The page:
THE great 15th century painter Hieronymus Bosch was much obsessed with sin and hell; his best-known paintings are populated by griffons, scarabs and demons in a fantastic landscape in which sinners ride on mice, embrace pigs, are bound, speared and tortured by horrifying monsters. Lustful monks and covetous priests are spied on by lurking demons. Only rarely, as in The Crowning with Thorns in London's National Gallery, did Bosch allow himself to show the tenderness that was the obverse of his savage indignation about the human Bettmann Arc condition.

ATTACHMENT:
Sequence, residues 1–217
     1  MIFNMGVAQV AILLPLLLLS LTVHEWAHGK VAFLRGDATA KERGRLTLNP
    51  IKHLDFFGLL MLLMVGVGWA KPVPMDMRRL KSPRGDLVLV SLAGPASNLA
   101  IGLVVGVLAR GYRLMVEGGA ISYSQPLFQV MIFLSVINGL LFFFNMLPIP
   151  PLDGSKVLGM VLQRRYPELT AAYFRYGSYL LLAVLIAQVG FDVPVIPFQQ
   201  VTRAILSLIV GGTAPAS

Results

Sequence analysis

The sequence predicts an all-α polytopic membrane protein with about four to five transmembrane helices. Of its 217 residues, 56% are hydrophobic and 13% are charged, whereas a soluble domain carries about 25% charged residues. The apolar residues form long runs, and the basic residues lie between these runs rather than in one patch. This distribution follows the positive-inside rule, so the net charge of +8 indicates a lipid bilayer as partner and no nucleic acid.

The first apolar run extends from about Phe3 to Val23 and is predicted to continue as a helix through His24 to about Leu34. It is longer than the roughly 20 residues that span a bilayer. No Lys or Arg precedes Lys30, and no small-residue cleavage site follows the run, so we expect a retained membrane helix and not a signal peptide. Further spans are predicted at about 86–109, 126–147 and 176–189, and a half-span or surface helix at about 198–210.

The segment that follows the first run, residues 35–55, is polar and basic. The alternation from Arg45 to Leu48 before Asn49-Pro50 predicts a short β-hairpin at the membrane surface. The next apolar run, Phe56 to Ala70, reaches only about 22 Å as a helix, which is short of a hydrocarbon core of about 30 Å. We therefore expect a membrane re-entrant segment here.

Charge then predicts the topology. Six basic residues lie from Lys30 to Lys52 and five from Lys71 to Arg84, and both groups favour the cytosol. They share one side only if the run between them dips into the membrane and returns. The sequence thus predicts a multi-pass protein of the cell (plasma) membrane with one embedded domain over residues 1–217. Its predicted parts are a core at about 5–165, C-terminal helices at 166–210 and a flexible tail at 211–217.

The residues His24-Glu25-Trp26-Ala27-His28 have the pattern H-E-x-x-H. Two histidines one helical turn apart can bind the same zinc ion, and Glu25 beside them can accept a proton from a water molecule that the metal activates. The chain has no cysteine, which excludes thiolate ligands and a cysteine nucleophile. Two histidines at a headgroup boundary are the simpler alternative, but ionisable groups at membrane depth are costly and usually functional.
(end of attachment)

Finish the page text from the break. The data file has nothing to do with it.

At first glance, the painting seems a straightforward depiction of the moment, two...

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